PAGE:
• Tiffany :) says:

      So he should be faulted for standing there while she rubbed up on him and licked his neck? Does that mean you think he should have pushed her away or shunned her on stage?

    • Kim says:

      Robin Thicke knew exactly 100% what Miley was going to do. It was rehearsed! He proves it when he says “Me and Robin the whole time said, ‘You know we’re about to make history right now.’

      • Shoe_Lover says:

        Many people have said that what was rehearsed and what was performed are 2 different performances.
        Now I am not defending Robin Thicke, I hate that rapey song and I think he is gross, but Miley needs to take responsibility for her actions and not be all “why is no one blaming the man I ground my ar$e on?”

      • buzzie says:

        this was from reddit, an AMA from one of the little people who was part of the rehearsal. everything, including the whole tongue, was part of the plan. what we saw on stage was what they actually rehearsed for:

        [–]lovelystargazer 639 points 6 hours ago
        How much of it was Miley freestyling? Also how did Robin Thicke feel about her performance?

        [–]bluest_blue[S] 1398 points 6 hours ago
        Most of it was pretty planned. They both knew in rehearsals exactly what they were going to be doing. Robin seemed very onboard and even suggested some of the moves. That being said, his wife and son were there the entire time…

        [–]ShaidarHaran2 577 points 6 hours ago
        So her tongue motions, those were planned?

        [–]bluest_blue[S] 1316 points 6 hours ago
        Yup. When we were rehearsing and she wasn’t there, the choreographer would step in for her and she goes “and she’s gonna stick her tongue out like this” and did it.

  9. shelley says:

    Seriously??!? Certain members of society need to get over the fact that Miley twerks and acts raunchy. Why is Oprah even discussing it? This slut shaming over stage antics says more about the people doing the shaming #bye

  10. Cerulean Skygirl says:

    I wish Robin would just keep his mouth shut, unless he’s singing. The more garbage he spews, the more I dislike him. If he and his wife enjoy their “open” marriage, fine, that’s between them. But now that he’s so well known and recognized, he needs to be more aware of what he says and does. PS – Miley’s behavior can be excused by the “growing thru a phase” excuse, but she, too, might benefit from learning the difference between “sexy” and “sleazy”.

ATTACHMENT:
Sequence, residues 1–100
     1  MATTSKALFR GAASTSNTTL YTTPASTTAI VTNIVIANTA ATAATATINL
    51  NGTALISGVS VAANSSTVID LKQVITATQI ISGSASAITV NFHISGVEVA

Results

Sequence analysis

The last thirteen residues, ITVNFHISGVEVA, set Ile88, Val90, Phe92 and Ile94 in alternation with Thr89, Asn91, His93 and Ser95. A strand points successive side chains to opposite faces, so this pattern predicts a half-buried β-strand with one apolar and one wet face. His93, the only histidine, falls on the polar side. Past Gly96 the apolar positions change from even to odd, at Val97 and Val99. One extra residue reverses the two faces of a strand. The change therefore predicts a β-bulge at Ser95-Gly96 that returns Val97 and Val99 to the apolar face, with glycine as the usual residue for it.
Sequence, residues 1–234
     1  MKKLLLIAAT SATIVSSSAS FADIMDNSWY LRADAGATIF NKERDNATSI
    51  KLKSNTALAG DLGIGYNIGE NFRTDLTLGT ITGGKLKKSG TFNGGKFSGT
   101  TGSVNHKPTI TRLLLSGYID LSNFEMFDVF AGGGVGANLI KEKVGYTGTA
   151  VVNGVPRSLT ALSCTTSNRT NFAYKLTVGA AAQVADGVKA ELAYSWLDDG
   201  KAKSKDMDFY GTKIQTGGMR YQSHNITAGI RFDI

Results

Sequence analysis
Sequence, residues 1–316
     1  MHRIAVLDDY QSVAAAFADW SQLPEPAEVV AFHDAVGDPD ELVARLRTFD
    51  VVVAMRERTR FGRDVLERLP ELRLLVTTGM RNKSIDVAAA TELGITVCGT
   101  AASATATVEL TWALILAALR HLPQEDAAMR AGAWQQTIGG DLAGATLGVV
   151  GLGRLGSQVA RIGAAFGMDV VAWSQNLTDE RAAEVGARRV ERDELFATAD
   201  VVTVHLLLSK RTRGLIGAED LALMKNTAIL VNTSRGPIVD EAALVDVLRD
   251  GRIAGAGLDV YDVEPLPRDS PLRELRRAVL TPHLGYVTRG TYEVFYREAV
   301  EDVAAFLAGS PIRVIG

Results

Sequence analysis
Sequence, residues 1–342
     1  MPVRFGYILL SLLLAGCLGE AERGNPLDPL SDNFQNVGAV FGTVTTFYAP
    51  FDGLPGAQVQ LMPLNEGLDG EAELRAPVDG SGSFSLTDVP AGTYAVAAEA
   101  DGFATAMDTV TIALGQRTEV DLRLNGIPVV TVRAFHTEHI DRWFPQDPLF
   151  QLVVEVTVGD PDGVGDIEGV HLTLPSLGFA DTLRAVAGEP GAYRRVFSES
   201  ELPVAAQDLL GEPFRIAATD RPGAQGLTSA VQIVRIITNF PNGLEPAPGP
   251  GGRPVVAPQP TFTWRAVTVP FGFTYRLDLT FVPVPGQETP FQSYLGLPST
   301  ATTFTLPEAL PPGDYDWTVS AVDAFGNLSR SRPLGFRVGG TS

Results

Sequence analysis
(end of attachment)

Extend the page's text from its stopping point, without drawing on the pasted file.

11. Feebee says:

    I don’t think he sold her out. We could see what was going on. I don’t think he had much choice in the matter once on stage. Can you imagine the flack he would have gotten for pushing her away? Though in the moment of the performance he probably wouldn’t even think to.

    This is more trying to get him to own Miley’s actions. Miley was the one who went overboard, not him. From the post-VMA stuff Miley’s being doing, this is all just part of the plan. I don’t think she meant to totally bury the performance of Blurred Lines but that’s what happened.

    Just because he may be a sleezeball doesn’t mean this is the same as Timberlake and Jackson.

  12. Nev says:

    Justin BOO what he did to Janet.

    Robin YUM. Sorry can’t help it.

  13. I Want To Live In New York says:

    I thought he was yesterday’s news. So much for Christmas coming early.

    Also he has the worst facial expressions.

  14. Crabcake says:

    I thought we all thought her performance was gross because she was trying to be sexual but doesnt have a shred of sexual appeal in her. When did it become about her being raunchy?

  15. Jayna says:

    She was his guest on his song. She overtook the whole performance, which is a no-no. I’m sure they rehearsed it and she was to twerk on him, but I doubt she was all over the stage making it The Miley Show, instead of featured guest of Robin’s song and performance during rehearsals.

  16. cyndi says:

    “…And Robin’s body language the whole time
    he was on stage was [“Um, this is kind of uncomfortable.”]…”

    So…when she bent over and he *moved FORWARD*, closer to her, and shaking/jiggling his legs (bare minimum, hard to see anything else because of the angle)